Rouler dans la farine is a colloquial expression that translates literally as rolling in flour. The expression is commonly used in the reflexive causative – se faire rouler dans la farine – to be swindled, cheated, to get ripped off, or rouler quelqu'un dans la farine - duping/fooling someone, playing a trick on them, or using one’s wits and lies to take advantage of someone who is a little naive.
The verb rouler on its own informally means to cheat, to deceive - in addition to its regular meaning to roll. Then, one might ask, what's the flour about?
The expression dates back to the early 19th century. Rouler already had the figurative meaning of cheating on someone at that time. La farine on the other hand symbolized lies, or misleading arguments, presumably in relation to the fact that actors then used it as stage makeup. The expression "rolling someone in flour" added emphasis to the mischief at hand by providing a strong visual of one being "rolled in deceit." It also added a notion of ridicule: the gullible victim is somehow responsible for letting himself be fooled so easily and thoroughly.
In the flour department, note that the verb enfariner - to roll in flour, can also be used as a synonym for the expression. It was first used by Jean de la Fontaine in his fable "Le chat et un vieux rat - " The Cat and the Old Rat." In the story, a cat "s'enfarine" - i.e. covers himself in flour - and hides in the bread hutch in order to catch mice. Overconfident in his success, the cat hadn't thought that the old, experienced rat wouldn't be fooled. Today the adjective enfariné means both looking half asleep and looking naively overconfident.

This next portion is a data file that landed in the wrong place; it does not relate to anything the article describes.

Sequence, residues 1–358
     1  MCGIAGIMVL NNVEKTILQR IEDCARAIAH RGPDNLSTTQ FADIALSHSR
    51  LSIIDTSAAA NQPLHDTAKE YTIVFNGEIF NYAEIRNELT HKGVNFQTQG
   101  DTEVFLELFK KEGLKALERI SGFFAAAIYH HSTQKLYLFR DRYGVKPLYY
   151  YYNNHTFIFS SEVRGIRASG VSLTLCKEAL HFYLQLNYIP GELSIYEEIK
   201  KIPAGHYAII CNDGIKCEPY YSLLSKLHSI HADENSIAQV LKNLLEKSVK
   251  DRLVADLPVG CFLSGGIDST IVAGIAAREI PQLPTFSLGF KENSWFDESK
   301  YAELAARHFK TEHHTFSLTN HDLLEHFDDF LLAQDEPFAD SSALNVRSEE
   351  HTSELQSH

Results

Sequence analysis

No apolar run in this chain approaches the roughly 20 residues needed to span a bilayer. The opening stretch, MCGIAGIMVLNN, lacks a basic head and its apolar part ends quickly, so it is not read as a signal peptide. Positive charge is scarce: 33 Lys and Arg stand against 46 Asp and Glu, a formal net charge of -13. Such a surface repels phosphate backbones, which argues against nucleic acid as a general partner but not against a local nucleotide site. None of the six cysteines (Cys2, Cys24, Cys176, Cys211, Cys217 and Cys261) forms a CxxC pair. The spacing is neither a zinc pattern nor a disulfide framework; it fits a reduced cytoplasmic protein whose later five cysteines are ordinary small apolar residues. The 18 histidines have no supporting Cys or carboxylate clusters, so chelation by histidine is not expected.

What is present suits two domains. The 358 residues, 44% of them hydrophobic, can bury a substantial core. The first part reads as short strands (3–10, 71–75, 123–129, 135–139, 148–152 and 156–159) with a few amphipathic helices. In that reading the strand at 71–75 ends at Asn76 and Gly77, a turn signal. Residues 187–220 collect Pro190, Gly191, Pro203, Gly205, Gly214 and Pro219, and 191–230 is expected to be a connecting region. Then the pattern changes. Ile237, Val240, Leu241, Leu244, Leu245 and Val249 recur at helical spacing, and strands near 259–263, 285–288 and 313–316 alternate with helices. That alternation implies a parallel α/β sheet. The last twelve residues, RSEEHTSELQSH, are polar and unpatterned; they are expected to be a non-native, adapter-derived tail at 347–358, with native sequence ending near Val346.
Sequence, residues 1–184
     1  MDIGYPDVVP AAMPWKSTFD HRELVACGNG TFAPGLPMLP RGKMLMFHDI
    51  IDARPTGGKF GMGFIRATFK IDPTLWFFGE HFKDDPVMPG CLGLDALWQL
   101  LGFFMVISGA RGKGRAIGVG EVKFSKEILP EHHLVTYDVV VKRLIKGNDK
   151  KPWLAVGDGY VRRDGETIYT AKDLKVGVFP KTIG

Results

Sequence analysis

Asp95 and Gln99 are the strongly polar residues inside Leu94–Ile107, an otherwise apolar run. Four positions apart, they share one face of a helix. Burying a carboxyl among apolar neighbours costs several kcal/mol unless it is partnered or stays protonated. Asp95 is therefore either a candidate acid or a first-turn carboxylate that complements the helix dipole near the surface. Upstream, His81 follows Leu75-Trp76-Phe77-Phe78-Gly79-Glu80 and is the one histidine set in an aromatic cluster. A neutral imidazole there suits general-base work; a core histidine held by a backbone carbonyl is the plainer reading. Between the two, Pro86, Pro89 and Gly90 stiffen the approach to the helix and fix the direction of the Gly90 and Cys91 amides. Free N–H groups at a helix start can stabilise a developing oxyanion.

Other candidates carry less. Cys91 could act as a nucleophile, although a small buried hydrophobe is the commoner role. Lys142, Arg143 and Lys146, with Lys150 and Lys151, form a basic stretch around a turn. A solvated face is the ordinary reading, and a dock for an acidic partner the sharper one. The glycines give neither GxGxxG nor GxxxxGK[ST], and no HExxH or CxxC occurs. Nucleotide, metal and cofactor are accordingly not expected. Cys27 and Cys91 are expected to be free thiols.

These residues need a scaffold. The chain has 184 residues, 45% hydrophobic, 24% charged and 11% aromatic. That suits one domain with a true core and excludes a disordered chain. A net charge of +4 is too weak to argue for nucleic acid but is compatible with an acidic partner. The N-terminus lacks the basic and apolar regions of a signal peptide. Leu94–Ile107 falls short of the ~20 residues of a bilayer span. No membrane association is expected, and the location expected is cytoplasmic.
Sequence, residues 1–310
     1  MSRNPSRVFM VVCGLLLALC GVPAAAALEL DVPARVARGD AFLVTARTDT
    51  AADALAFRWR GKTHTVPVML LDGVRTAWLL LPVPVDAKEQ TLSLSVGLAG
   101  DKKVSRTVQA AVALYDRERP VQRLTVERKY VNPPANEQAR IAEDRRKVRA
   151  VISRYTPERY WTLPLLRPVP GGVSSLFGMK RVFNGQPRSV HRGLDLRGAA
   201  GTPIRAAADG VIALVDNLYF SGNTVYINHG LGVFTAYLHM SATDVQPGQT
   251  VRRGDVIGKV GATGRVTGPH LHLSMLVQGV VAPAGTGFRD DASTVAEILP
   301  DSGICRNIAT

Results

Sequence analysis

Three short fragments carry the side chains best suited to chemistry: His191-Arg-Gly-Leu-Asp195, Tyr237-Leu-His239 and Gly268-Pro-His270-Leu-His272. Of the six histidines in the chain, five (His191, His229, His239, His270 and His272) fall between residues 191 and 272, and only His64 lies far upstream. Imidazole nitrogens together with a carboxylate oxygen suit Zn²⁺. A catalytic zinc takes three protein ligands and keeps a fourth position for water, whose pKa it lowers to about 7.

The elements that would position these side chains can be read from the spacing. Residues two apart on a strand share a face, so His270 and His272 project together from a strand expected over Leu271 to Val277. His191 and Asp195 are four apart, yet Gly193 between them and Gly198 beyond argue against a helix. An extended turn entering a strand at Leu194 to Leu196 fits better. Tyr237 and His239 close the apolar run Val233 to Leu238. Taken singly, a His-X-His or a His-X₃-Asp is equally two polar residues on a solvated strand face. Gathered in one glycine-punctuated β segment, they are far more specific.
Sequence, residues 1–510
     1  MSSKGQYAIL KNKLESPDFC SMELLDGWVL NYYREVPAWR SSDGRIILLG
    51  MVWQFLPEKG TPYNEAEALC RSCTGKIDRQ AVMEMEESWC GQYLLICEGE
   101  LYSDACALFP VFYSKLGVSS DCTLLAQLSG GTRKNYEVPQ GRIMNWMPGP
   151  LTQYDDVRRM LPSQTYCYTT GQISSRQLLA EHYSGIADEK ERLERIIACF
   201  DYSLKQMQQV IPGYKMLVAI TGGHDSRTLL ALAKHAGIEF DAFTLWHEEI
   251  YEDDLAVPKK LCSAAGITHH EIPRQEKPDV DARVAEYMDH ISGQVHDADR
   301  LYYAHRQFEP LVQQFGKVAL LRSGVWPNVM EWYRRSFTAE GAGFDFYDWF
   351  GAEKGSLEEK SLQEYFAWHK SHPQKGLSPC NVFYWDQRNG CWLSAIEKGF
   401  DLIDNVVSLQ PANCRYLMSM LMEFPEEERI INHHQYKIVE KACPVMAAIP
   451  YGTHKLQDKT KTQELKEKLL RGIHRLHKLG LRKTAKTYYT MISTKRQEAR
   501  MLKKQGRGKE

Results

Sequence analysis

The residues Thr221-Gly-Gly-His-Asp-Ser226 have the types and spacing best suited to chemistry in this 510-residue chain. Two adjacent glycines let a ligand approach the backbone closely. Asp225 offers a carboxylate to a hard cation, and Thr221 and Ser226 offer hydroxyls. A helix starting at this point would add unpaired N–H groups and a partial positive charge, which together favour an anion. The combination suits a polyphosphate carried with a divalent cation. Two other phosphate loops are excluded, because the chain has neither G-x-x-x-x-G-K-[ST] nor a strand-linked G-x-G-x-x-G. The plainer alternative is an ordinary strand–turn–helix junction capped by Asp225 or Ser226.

J’ai trop payé pour cette voiture pourrie. Je me suis fait rouler dans la farine!
I payed too much for this piece of junk car. I got ripped off!
C'est tellement désagréable to s'apercevoir qu'on a été roulé dans la farine par quelqu'un en qui on avait toute confiance!
It is so unpleasant to find out you've been taken for a ride by someone you trusted!
When Jacques Chirac was président de la République, it was sometimes cheekily said that his Prime Minister Jean-Pierre Raffarin “roulait la population dans la raffarine”.